Anyway, during one of my playthroughs of the game I was having a particularly tough time with this part. As usual, I could handle everything except for the damn biker skeletons. On my third try I finally managed to get rid of the bastards before they hit me and was home free. I entered the large chamber where the main character has to place the magical nitro and breathed a sigh of relief. It was at this point that my brother, who had been watching my repeated failed attempts, came up beside me and yelled “JUMP!” right in my ear.
Somewhere deep in my brain a neuron fired, responding to the command. My thumb instinctually slid to the A button and pressed it. Time slowed down as I watched my character leap into the air and slowly fall, his fate sealed by my stupid, jerkass brother. As Schneider hit the ground, the magical nitro exploded, and with it all my hopes and dreams of finally finishing that thrice-damned level.
Needless to say I jumped up and started wailing on my brother, but the only thing the jerk did in response was laugh.
I think that was the last time I ever played Castlevania 64. The whole magical nitro section of the game just wasn’t worth dealing with anymore, and even when they came out with remakes and alternate versions of the game I avoided them for the same reason. My brother still occasionally mentions the incident, which inevitably leads to me punching his arm repeatedly while he laughs at my magical nitro-induced mental scarring. These days, I still play Castlevania games, and I typically enjoy them, but there’s always that hint of dread whenever I start a new one. “Will they bring magical nitro back in this one?” I wonder to myself, fearing for my sanity.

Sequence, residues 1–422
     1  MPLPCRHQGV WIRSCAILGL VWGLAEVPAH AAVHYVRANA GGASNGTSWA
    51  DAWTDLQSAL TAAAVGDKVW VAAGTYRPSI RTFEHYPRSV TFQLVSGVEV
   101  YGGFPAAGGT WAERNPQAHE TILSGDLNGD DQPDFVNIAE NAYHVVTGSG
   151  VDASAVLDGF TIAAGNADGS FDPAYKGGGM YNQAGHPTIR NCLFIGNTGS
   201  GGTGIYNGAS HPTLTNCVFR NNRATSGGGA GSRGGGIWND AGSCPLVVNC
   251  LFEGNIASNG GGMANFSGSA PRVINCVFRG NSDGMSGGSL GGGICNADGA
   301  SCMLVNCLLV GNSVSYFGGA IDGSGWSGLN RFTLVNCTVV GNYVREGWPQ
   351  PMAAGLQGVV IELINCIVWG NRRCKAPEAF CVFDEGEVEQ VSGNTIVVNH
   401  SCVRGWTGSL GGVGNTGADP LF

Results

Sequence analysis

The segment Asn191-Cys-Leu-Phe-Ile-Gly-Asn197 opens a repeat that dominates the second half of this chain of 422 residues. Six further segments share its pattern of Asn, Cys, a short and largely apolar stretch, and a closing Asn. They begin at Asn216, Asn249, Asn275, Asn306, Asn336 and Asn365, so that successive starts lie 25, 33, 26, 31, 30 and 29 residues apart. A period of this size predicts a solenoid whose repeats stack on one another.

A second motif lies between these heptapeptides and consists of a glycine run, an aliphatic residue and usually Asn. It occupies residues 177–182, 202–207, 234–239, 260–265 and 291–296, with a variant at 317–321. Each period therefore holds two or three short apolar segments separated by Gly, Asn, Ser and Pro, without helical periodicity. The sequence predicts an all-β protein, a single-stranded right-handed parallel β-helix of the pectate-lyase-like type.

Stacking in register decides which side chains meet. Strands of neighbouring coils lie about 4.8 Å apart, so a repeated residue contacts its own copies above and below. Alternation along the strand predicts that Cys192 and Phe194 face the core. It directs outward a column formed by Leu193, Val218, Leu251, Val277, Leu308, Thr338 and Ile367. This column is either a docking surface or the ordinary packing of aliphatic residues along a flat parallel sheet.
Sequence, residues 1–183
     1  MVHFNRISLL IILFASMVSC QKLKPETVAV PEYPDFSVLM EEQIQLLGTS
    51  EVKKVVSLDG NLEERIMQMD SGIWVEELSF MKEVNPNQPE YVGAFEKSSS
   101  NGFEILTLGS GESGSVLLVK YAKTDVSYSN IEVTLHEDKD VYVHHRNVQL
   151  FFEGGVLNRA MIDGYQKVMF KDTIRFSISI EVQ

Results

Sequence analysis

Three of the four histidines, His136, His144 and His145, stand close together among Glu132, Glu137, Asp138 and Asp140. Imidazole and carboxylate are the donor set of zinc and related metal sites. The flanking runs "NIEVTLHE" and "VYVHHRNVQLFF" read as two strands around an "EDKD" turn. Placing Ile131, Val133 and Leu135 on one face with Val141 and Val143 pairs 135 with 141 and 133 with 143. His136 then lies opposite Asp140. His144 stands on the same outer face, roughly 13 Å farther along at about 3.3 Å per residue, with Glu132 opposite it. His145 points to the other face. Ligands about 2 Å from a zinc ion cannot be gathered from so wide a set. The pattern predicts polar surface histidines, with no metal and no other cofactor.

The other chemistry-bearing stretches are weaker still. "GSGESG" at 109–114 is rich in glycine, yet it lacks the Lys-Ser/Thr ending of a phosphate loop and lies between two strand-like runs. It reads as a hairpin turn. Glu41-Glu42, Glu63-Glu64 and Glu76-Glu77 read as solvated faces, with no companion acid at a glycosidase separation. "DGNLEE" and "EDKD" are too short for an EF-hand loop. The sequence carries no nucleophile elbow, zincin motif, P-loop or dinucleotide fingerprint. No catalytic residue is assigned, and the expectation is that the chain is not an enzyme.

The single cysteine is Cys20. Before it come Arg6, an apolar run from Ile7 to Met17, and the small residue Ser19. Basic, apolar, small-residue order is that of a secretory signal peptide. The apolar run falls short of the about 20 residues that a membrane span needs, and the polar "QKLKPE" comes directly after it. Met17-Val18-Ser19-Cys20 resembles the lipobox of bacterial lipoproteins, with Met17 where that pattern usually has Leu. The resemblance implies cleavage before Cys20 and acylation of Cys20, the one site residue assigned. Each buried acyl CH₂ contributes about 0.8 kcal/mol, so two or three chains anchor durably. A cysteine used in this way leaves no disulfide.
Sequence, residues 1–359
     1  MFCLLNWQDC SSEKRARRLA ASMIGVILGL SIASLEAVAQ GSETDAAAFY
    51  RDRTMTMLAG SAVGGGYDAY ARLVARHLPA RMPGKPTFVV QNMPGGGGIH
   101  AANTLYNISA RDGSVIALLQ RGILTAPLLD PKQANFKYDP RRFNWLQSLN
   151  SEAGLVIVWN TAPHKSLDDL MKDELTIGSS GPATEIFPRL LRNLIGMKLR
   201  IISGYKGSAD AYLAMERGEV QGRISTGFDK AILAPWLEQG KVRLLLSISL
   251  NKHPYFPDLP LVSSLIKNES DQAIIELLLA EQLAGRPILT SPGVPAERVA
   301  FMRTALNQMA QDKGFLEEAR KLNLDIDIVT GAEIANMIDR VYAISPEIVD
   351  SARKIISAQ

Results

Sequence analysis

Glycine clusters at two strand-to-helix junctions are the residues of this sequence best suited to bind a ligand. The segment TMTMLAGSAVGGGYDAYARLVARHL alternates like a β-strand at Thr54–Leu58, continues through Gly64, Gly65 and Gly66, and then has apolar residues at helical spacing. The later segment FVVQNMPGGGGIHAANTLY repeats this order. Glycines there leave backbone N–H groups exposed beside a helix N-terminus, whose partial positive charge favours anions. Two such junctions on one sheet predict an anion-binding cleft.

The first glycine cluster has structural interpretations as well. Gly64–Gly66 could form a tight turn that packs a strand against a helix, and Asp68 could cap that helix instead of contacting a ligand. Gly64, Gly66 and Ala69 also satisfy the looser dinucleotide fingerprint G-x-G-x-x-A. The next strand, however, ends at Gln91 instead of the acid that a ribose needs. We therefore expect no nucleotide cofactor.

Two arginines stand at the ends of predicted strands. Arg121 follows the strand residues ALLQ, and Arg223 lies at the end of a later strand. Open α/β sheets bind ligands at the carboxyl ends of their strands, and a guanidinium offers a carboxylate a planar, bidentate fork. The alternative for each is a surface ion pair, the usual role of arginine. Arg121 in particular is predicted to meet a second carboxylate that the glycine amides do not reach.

So far the answer has been no, and I pray that it always will be.
Ahh, Castlevania 64. I really, really, *really* wanted to like that game and, well, I did, back then, but it doesn’t really quite hold up these days. I dug the violin intro, though, and I thought it handled atmosphere reasonably well. And, if you were like me and could only afford one system at the time (Read: Your rents weren’t going to plunk down their hard-earned coin on a second console and you didn’t have a job at the time), and you really enjoyed Castlevania 64 (because, again, you or your rents couldn’t / wouldn’t afford a PSX and, thus, Symphony of the Night), the remake / sequel / prequel (PreSmequel? Ah, forget it…) “Legacy of Darkness” offered up more of the same with a timey-wimey twist and some enhanced visuals courtesy the N64 Expansion Pak. So there’s that.
Since I was a kid, I’ve always had this weird patience no youngster should have, so I kept trying this frustrating task until I finally beat it.
Unfortunately, I did try it a hell-a-lot of times, since my memory isn’t as my good as my patiente, and sometimes the “you shall no jump in this level” reminder wore off and I just stupidly jumped straight to my and Belmont’s misery.
I really, really enjoy this game.
I also think Daikatana is the last great FPS.